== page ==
Mapping keys

It’s usually reasonable to remap CAPS LOCK to something more useful. A simple option is Ctrl. An advanced option (if available) is Tap&Hold: configure CAPS LOCK key to behave as Esc when tapping and as Ctrl when holding.

With my Kinesis Advantage360 it’s not well supported unfortunately.

I map CAPS LOCK to Mod4 key which is used in my Awesome window manager.

Before I used xmodmap for the mapping, now it is mapped directly in the keyboard configuration.


xmodmap -e "clear Lock"
xmodmap -e "keycode 66 = Hyper_L"

Keyboard layouts

I am using QWERTZ. by pressing a sequence of keys, e.g.

Composition key

Compose key is a key which allows you to type special characters

Compose + " + a = ä or Compose + > + > = » or Compose + c + = = . Or hundreds of other combinations.

Tiling window manager

Let the window manager manage your windows without a need of dragging your windows with mouse.

A lot things can be configured (via rc.lua and with plugins).

I am using tile.left layout 99% of time.

It can handle external monitors well. E.g. mod4+o sends the active window to the other screen (and since the focus follows the window, by repeating you can toggle position of the current window between your screens).

Opening a new terminal is a matter of mod4+Enter.

CLI, terminal emulator, gnome-terminal

For quick computations I always invoked python and wrote an expression. Then I added this into my .bashrc and I can write e.g. c 123+234*345/456:

c() { printf "%s\n" "$@" | bc -l; }

I am using Gnome-terminal so I can quickly open another terminal in the current working directory with Ctrl+Shift+n.


You can enable vi key bindings with set -o vi in .bashrc. Or globally with set editing-mode vi in .inputrc.

Note, that Ctrl+L in insert mode won’t work, you need to switch to command mode first.

Tmux, GNU screen

The multiwindow/terminal capability of these multiplexers is not so important when I am working with the tiling WM and locally (I am turning off my laptop every day so the session persistence is not granted).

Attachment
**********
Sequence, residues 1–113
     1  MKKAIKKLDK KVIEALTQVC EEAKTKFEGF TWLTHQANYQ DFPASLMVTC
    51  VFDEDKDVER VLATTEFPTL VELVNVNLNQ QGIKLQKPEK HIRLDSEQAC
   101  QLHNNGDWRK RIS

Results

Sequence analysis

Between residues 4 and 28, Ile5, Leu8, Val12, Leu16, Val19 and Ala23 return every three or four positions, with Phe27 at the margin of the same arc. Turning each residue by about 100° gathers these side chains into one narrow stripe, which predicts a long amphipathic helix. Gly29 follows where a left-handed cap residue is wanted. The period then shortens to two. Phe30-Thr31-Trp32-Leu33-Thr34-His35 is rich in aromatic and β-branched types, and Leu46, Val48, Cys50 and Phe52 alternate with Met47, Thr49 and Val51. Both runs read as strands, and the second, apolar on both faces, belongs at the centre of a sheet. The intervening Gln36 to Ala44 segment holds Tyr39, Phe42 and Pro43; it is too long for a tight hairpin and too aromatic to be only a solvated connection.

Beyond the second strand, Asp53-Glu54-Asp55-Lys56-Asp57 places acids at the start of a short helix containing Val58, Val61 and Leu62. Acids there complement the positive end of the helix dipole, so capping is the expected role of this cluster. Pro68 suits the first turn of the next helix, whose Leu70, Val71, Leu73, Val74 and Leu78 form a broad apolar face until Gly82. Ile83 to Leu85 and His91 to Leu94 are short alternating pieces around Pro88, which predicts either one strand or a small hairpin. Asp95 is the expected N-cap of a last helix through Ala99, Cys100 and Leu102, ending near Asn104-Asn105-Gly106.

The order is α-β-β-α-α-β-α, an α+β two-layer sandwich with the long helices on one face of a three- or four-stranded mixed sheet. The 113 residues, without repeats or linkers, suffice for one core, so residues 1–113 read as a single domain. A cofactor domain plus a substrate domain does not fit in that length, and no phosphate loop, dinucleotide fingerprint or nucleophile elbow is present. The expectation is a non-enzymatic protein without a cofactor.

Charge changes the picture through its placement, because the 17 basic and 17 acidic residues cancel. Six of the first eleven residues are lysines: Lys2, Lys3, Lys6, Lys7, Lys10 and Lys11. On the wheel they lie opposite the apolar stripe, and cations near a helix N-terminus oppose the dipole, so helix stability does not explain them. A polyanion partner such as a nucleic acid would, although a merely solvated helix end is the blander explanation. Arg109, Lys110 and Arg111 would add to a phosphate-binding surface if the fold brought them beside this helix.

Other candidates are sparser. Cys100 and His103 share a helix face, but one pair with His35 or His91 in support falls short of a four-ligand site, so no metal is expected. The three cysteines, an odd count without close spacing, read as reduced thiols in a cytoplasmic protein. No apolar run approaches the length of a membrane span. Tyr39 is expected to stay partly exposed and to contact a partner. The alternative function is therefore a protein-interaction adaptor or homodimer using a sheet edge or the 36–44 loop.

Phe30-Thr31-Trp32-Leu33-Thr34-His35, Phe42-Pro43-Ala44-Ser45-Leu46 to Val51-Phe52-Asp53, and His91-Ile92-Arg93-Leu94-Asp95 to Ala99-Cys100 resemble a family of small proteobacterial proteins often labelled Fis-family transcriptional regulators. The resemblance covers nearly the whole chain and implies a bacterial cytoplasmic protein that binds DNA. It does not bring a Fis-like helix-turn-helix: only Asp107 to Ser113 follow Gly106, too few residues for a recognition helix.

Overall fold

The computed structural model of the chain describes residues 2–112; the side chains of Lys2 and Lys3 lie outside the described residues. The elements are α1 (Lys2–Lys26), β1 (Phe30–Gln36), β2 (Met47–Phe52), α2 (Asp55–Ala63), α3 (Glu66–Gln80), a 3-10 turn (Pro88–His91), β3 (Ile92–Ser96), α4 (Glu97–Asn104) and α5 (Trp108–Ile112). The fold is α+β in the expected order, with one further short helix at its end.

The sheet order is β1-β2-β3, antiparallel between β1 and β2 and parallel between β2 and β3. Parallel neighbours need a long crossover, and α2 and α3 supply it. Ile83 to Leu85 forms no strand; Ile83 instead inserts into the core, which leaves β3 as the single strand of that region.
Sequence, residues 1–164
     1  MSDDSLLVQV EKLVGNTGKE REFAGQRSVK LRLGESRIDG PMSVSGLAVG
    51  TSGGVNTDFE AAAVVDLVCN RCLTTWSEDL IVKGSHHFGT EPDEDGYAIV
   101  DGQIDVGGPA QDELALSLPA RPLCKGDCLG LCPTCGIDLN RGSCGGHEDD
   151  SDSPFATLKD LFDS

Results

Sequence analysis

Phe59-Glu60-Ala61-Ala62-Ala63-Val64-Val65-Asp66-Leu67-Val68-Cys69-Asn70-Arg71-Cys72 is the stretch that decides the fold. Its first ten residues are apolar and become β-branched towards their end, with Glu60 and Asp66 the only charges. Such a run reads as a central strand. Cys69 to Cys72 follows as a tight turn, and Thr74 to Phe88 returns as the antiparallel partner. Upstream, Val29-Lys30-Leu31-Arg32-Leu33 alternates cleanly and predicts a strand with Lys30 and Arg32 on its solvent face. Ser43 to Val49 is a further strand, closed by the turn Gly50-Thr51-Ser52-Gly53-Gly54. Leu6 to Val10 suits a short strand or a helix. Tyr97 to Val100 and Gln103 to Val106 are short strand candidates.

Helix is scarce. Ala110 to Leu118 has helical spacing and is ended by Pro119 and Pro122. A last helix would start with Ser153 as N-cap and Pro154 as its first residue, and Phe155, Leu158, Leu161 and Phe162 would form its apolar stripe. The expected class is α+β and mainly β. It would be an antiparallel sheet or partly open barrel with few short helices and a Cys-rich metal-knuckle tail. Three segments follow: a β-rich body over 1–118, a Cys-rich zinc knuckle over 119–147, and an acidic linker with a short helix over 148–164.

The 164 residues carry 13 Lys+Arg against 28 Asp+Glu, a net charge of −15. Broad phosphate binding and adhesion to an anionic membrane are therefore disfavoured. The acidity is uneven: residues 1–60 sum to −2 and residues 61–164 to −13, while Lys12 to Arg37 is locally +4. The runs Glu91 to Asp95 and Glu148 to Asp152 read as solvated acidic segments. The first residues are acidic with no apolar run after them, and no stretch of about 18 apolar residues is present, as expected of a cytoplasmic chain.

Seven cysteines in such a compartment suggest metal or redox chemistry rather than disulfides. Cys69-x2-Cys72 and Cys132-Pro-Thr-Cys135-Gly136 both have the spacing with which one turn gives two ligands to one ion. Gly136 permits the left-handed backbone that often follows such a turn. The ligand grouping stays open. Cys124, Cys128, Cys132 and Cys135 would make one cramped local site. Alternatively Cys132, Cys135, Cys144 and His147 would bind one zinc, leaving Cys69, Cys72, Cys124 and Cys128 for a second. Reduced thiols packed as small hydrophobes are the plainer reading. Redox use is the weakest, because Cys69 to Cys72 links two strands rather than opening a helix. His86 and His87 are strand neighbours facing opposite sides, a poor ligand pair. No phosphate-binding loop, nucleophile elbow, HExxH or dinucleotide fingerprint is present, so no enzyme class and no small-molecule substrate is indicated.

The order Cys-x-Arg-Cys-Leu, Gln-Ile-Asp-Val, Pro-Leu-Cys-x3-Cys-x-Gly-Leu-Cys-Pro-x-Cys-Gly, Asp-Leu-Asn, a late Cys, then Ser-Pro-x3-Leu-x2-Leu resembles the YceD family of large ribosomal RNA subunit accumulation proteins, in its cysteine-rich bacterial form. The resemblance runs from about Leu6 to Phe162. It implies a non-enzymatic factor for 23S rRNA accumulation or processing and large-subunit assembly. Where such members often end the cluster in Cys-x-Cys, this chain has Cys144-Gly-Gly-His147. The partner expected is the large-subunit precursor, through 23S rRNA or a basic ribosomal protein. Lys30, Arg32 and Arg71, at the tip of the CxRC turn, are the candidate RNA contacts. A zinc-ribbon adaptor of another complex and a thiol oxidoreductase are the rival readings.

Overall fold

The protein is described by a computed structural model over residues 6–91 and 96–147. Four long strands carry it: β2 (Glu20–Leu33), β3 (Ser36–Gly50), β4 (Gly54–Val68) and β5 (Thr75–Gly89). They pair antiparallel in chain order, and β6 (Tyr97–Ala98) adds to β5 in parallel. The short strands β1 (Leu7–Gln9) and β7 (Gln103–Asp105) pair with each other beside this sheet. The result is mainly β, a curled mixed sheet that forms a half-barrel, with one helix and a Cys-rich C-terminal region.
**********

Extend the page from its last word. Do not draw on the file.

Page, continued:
What is cool for the mouseless work is the copy mode with vim bindings.

There are some tool to help you with it, e.g. tmux-fingers.

Only recently I started using fzf extensively and it is a huge time-saver.

It can save a lot of typing when manipulating files in terminal.


I use Vim most of my screen time on computer, for mouseless work this is a nobrainer. I have no experience with Emacs.

I learned recently you can open a URL in a browser with gx.

Using fzf in Vim is easy with fzf.vim plugin, then you can use Ctrl+p or ff to fuzzy search for a file to be opened.

You can send a text from Vim to standard input of an external command and write the standard output to the buffer with :.!command. E.g. format text into a table with :.!column -t.

I have this alias fvim='vim $(fzf)' to quickly edit a file.

An alternative for copy-paste without a mouse from terminal is Vim’s terminal. :ter opens a vim terminal emulator, :vert term in a vertical window. Ctrl+w N switches to normal mode in which you can copy and navigate iorawill switch back to normal terminal use which you can leave withCtrl+d` as usual.

Do not open Vim in that terminal. :)


In Firefox I am using Vim Vixen.

I am yet to get used to qutebrowser which has native Vim key bindings and uses two mode browsing.

Other tools

Many mouseless tools (mail, RSS reader, spreadsheet, …) are also text-user-interface tools I use.


published: 2023-06-14
last modified: 2023-11-29